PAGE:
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ASPIRE Act not practical for US

The Daily Aztec (San Diego State University)
By Sabrina Norris-Turin
October 12, 2009

The U.S.' recent economic recession has called on the nation's lawmakers to push boundaries and come up with new ways to get us out of the current financial crisis. The most frequent response has been budget cuts.

We are affected by cuts everywhere, which is why talks of the America Saving for Personal Investment, Retirement, and Education Act are confusing in this economic state.

Lawmakers are considering a bill that would give every newborn in the U.S. a $500 trust fund that would remain untouched until they turn 18 years old. This program's goal is to help children learn how to plan for their financial futures and to start saving early for a college education, a home or retirement.

"Having an asset has the potential to change the way people think and plan for their future, and sometimes those effects can be generated just from small asset holdings," Reid Cramer, director of the Asset Building Program at the New America Foundation, said.

Giving every child in our country a stipend for being born sounds like a nice idea, but spending $3 billion a year in our nation's bleak economic depression makes no sense.

After implementing this program would cost the U.S. almost $38 billion.

Michael Sherraden, a professor at the University of Michigan, suggests starting individual savings accounts for lower-income people can lead them to feel more confident about the future.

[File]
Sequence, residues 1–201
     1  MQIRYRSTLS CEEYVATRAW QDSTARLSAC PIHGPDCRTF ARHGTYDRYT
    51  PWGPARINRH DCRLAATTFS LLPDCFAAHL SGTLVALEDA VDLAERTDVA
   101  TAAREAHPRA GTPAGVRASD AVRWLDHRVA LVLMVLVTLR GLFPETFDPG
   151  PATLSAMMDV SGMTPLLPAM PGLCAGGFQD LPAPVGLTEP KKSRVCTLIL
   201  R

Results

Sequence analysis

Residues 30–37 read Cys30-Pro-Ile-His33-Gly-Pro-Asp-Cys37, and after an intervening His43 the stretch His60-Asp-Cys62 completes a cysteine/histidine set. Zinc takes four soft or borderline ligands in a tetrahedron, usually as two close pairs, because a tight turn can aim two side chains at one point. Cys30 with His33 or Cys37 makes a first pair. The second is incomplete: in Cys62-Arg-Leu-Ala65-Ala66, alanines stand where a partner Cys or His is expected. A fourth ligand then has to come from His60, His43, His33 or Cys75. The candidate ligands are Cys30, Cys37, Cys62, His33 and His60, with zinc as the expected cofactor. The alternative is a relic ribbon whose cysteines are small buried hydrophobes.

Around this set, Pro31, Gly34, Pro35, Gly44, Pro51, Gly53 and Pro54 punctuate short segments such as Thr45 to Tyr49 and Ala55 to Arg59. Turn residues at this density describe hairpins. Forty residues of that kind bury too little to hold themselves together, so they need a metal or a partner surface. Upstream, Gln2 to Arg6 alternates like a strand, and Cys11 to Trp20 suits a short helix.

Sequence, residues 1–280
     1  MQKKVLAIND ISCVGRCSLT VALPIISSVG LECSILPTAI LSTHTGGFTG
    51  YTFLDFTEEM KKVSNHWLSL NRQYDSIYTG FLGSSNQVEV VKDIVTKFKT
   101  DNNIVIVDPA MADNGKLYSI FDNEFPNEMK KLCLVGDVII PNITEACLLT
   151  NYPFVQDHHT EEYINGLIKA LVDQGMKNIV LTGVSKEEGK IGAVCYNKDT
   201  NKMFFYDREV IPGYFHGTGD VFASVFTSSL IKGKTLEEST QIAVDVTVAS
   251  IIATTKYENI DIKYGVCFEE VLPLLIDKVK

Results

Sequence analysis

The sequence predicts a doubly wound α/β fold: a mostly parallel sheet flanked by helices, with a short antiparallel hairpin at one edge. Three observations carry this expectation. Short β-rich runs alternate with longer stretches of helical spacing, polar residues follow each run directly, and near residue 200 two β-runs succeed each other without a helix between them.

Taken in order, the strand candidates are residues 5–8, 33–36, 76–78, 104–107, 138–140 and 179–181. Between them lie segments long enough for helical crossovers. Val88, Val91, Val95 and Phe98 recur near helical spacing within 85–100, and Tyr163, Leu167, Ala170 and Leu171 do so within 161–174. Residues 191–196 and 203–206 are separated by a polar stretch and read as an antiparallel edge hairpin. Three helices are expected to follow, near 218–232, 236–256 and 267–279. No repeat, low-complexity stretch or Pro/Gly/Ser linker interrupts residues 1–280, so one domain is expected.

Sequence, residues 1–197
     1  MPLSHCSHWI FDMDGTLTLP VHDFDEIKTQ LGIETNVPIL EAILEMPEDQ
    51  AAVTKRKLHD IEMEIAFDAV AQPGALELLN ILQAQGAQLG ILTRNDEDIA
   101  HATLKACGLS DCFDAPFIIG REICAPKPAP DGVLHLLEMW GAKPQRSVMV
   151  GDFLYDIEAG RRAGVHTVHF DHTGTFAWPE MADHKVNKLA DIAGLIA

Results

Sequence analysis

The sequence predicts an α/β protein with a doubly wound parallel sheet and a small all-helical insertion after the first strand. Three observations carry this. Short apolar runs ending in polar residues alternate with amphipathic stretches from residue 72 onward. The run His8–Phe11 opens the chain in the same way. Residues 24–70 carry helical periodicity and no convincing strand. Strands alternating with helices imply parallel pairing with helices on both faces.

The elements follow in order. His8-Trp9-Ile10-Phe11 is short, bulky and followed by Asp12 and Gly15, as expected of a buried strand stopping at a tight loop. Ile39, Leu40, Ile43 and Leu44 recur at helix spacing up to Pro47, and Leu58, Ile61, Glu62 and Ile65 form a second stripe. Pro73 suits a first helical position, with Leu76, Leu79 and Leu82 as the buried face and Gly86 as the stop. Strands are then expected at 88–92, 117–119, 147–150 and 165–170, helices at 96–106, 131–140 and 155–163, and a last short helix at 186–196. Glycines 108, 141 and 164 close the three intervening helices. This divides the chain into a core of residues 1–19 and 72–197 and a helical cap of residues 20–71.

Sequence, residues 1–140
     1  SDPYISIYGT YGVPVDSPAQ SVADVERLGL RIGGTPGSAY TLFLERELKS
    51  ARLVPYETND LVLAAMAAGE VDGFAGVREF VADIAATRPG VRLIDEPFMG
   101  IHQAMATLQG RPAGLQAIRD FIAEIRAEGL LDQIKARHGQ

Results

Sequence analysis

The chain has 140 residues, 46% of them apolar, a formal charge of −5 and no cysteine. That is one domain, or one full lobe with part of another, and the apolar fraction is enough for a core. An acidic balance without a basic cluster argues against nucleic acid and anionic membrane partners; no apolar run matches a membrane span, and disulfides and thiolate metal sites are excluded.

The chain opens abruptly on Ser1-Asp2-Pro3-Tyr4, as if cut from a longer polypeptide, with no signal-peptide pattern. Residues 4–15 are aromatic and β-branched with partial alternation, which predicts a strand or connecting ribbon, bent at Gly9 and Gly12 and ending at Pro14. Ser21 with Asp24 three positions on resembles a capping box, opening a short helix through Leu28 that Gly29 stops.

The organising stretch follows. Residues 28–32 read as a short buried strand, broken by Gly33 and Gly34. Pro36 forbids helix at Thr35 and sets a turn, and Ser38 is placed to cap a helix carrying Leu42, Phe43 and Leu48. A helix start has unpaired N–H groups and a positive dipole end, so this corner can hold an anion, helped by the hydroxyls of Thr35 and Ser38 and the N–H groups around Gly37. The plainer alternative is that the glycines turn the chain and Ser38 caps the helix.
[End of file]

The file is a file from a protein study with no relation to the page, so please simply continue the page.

Sadly, kids aren't going to be feeling very confident if they are waiting in line for food stamps with their parents on street corners -- which is what will happen if this bill passes.

It makes no sense at all for Congress to pass a bill that isn't going to benefit our generation's children for the next 20 years, while there are millions of people currently suffering in the U.S. from a recession.

It's important to teach children how to plan ahead and save money starting at a young age. But there are bigger issues we need to be focusing on before we give every child a bonus check.

This is the kind of bill that could potentially be passed when the U.S. gets back on its feet, and even then, $500 for every newborn seems a little pointless.

With Social Security withering away, our parents are going to be lucky if they even get a check at all. We should be trying to salvage the Social Security program rather than reinstating a new, less beneficial one.

Besides that, the ASPIRE Act raises more potentially controversial matters that have to do with immigration. If only legal citizens born in the U.S. get the trust fund, then illegal immigration may increase. It will cause more immigrants to cross illegally into the U.S. because of the hope and promise that their child will get a check if born in the U.S.

The ASPIRE Act doesn't give incentive to reduce population either. With our planet slowly starving off its natural resources, the last thing we need is a reason for people to have more kids.

The ASPIRE Act is naive in every way. We can't expect to pull a nation out of the worst economic downturn it has ever experienced when time and significant amounts of money are being wasted on pointless bills that hinder any chance of a way out.

You find me an 18-year-old who isn't going to blow their trust fund money on a sound system or a MacBook Pro, and I'll let you have the ASPIRE Act.

--Sabrina Norris-Turin is a political science senior.

(c) 2009 The Daily Aztec (San Diego State University)

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